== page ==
Morphology and chemistry of placer gold grains – indicators of the origin of the placers: an example from the East Sudetic Foreland, Poland

Jan Wierchowiec


The gold in the vicinity of Głuchołazy – Prudnik (the East Sudetic Foreland) is associated with Pliocene piedmont fans and Pre-Pleistocene river systems, primarily with the paleobeds of the Prudnik river and its tributaries. The morphology (roundness, flatness index and particles folding), surface textures and chemical composition of the gold particles suggest that the placer gold occurrences in the East Sudetic Foreland are multicycled (recycled paleoplacers) and multisourced. The most significant primary gold source was the sedimentary and epimetamorphic cover of the Żulova granitoids, eroded and removed during the Neogene. The majority of the gold was transported (redeposited) in a suspended form as flakes, scales, small grains and gold dust. This entered the river directly as a result of erosion of auriferous sediments. The homogeneous, porous, gold particles were formed in the weathering zones of polymetallic veins and other types of mineralization. Coatings of both crystalline and amorphous gold on particle surfaces suggest chemical accretion of authigenic gold on to pre-existing grains. Some porous gold particles may have been formed post-depositionally as the result of precipitation from colloidal solutions.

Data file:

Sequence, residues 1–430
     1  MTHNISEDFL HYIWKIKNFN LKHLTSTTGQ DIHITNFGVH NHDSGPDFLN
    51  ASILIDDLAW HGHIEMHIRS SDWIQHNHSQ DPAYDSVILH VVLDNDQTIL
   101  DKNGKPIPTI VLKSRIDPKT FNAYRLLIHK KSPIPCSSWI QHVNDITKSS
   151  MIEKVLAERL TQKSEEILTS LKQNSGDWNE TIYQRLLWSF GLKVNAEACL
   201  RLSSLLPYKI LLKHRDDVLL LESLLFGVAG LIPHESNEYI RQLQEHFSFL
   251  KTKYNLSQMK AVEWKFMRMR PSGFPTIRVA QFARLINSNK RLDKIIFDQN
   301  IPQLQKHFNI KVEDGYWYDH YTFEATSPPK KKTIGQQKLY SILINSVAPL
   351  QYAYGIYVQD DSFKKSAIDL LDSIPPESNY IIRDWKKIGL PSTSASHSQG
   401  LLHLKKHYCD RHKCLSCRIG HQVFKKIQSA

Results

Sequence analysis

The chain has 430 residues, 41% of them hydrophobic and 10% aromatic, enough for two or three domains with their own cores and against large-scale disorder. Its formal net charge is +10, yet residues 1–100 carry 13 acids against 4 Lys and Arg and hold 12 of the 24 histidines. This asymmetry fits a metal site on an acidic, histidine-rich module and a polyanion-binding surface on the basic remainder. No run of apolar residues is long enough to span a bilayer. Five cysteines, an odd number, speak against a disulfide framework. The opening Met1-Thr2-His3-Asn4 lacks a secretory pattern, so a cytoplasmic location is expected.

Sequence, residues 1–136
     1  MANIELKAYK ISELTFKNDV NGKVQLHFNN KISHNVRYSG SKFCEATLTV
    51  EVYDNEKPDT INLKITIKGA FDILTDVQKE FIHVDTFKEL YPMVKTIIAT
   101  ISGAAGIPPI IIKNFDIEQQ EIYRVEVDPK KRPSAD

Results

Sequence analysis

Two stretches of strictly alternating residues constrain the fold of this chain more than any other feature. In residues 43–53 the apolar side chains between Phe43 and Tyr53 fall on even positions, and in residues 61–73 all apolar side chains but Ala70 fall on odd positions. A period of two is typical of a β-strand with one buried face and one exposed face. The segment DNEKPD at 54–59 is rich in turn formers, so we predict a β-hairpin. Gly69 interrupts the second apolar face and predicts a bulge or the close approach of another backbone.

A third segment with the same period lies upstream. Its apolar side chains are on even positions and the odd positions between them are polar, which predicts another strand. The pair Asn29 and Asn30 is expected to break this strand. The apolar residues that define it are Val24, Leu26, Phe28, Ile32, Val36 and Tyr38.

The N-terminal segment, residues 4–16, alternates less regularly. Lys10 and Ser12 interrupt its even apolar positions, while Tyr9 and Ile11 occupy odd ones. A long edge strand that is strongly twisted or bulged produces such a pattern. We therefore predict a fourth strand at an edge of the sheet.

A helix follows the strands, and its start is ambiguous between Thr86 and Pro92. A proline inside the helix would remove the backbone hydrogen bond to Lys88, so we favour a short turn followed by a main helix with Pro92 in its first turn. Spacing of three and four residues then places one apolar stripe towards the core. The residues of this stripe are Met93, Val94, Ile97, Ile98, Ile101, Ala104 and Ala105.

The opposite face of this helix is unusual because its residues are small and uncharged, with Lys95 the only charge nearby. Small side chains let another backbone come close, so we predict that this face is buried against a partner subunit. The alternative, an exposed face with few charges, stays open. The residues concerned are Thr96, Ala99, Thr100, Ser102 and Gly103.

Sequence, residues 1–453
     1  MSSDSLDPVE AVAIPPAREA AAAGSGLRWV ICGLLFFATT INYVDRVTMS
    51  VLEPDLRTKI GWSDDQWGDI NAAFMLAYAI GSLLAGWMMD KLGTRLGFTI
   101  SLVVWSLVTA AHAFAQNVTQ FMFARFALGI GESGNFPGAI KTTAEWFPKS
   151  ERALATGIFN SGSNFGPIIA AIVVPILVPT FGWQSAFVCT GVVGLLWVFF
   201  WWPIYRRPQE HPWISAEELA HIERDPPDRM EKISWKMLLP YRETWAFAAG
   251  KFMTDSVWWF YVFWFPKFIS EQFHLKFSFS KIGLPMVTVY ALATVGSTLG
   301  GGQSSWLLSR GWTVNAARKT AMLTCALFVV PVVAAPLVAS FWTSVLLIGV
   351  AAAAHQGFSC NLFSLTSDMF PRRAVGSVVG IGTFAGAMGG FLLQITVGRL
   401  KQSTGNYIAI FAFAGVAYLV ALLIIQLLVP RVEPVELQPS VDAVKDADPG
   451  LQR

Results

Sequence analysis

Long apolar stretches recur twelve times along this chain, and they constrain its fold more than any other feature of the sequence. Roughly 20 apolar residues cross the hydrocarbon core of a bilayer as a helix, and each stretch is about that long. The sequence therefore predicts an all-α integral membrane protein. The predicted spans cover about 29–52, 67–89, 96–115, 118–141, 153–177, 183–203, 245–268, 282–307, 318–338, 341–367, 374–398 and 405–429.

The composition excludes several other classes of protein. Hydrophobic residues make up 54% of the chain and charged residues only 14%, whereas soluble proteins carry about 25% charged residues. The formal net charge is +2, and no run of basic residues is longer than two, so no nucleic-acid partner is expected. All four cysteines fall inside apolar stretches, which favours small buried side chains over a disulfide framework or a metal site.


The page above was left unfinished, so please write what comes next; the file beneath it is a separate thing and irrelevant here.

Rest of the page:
Placer gold, Morphology, Surface textures, Chemical composition, Origin, East Sudety Mts., Poland

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